Recent actions by our legislators, and even by my fellow educators, leave me discouraged. Since it was first legislated that the current group of high school seniors would be held accountable to pass certain exams to earn a high school diploma, many have believed the state would eventually falter on its promise to uphold this standard.
The teachers, and those I consider professional colleagues, have worked diligently to help students meet these standards. To hear that some legislators, and even some educators, suggest that we should back off this standard is dis-couraging and disappointing.
Students must pass the English II test, the Algebra I test, and two of the remaining five end-of-instruction (EOI) exams. They must pass a total of four EOIs or their equivalent. During the 2011 spring testing, the following approximate scores were required to “pass” these tests: Algebra I (49 percent), English II (62), geometry (51), Algebra II (47), biology (55), U.S. history (55) and English III (50).
How high are those standards? If a student can't meet these passing scores, does he or she truly deserve to be rewarded with a high school diploma? The intent of the original law was to establish a standard and work toward a high school diploma being earned. Abandoning this now sets us up for the exact same abandonment of our standards three years from now when Common Core begins being assessed.
If a student can't achieve a passing score on the appropriate EOIs, he or she may also meet the standard through alternative testing. This includes the PLAN test and the ACT, along with the Work Keys Exam, a “project” and even a Modified Proficiency Growth Score. Just recently, through the diligent work of our counselor and our teachers, one of our students who had failed every proficiency exam he attempted in another state scored high enough on the Work Keys Exam to earn credit for all three of his math EOIs. They're working to help him meet the alternative standard for English II.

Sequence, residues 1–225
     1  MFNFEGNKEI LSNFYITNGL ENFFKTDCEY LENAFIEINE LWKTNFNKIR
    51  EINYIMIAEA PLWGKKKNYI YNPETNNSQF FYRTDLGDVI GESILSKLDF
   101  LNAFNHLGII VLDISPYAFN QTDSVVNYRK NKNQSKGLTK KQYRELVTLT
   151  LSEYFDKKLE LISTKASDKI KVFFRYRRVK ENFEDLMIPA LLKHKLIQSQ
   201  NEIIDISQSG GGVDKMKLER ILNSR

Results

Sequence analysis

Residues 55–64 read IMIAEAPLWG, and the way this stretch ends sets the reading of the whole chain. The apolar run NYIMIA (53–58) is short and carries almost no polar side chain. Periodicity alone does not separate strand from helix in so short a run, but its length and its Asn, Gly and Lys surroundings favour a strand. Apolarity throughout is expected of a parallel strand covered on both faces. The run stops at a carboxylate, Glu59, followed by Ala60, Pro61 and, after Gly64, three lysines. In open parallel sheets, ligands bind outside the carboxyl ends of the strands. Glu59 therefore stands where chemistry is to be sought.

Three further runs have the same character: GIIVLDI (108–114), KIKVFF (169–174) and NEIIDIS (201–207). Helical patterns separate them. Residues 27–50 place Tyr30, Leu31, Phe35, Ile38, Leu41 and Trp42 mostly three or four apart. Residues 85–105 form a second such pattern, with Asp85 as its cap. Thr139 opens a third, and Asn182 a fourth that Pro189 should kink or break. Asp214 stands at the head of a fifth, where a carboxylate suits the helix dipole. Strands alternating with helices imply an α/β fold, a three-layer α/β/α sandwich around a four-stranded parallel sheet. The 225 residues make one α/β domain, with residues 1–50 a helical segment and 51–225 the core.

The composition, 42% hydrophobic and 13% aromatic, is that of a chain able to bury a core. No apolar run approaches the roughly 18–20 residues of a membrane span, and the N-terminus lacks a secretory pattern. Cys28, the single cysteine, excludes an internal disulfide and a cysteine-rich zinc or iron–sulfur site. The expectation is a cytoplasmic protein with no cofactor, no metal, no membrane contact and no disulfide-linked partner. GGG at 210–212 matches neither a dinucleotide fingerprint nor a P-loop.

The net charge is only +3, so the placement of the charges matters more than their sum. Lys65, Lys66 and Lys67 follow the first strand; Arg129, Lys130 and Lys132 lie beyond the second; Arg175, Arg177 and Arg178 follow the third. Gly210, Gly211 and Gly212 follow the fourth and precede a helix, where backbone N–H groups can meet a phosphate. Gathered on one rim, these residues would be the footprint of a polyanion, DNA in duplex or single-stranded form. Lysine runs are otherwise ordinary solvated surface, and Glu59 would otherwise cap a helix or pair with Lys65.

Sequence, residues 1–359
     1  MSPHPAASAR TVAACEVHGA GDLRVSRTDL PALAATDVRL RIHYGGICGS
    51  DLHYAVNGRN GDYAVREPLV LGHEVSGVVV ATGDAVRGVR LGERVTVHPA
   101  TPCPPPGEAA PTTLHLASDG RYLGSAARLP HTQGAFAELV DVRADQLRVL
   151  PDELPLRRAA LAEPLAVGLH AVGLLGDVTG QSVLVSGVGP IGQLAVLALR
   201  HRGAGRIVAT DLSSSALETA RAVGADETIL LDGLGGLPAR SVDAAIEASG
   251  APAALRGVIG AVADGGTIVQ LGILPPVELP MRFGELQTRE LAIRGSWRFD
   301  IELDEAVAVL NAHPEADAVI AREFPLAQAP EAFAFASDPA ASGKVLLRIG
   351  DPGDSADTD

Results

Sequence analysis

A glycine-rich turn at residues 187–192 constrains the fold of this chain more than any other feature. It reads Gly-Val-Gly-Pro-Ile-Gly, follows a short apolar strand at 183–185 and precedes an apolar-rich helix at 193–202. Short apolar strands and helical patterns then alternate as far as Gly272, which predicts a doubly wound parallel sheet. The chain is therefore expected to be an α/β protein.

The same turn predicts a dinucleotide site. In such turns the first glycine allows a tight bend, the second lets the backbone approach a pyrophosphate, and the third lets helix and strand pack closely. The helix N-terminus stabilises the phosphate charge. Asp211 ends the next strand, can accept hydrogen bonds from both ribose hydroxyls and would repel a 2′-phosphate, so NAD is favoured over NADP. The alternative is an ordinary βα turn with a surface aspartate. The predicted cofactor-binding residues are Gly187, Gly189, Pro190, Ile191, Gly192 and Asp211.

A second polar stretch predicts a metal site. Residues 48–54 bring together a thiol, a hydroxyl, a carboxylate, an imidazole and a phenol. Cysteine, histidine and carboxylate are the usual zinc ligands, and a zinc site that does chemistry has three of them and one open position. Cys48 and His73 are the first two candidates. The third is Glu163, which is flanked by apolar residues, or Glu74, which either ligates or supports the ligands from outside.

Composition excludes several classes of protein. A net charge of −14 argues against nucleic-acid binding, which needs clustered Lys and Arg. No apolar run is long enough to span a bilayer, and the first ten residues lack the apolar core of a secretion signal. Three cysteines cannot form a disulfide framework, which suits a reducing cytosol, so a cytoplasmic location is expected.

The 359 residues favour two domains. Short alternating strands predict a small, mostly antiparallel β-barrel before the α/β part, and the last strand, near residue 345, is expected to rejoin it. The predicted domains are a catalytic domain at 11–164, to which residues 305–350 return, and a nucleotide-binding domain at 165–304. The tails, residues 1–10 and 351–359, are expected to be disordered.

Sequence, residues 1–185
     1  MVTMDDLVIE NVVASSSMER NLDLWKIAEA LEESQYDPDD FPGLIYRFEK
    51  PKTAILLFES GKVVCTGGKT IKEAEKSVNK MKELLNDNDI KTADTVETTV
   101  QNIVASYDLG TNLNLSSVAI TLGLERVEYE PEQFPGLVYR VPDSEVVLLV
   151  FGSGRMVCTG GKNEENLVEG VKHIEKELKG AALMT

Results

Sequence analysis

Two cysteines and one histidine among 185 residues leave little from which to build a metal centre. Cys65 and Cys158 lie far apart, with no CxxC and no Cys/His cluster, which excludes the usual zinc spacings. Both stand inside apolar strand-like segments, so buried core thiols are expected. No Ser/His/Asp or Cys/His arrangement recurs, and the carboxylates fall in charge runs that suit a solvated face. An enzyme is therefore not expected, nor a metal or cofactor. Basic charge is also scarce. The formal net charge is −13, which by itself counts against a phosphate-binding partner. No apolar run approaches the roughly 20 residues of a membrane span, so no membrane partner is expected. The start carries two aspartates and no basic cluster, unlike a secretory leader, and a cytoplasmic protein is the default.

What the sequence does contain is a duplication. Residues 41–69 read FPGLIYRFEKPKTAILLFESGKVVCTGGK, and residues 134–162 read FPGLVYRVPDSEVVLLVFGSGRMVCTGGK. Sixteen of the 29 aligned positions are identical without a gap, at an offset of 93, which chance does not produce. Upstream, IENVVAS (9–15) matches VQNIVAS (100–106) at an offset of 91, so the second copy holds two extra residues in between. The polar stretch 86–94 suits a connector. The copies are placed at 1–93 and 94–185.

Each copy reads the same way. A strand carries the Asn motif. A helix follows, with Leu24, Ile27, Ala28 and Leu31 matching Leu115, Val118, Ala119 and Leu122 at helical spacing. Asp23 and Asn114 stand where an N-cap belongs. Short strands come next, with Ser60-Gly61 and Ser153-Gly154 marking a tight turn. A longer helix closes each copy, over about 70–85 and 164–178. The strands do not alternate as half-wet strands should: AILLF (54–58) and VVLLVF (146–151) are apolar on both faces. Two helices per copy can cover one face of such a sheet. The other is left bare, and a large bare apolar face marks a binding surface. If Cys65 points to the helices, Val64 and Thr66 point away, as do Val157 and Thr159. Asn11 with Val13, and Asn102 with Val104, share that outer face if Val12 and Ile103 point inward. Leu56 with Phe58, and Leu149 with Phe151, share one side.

If a student is in special education, he or she can be deemed to have met the standard simply by improving one point from one EOI exam to the next. That's right: One point! And if all of this falls through, the student can attempt to demonstrate proficiency through a project.
In our staff's first meeting this semester, a teacher asked me if I really thought Common Core would make any difference. He was referencing the idea that after all of the money, time and effort to implement and achieve the EOI concept, it's in danger of being abandoned when it matters most.
I also find it ironic that as we head into the first year of evaluating teachers based on “test scores,” we're discussing holding the teachers accountable for student performance while abandoning the concept of holding students accountable for their own performance.
Brunk is principal at Newcastle High School.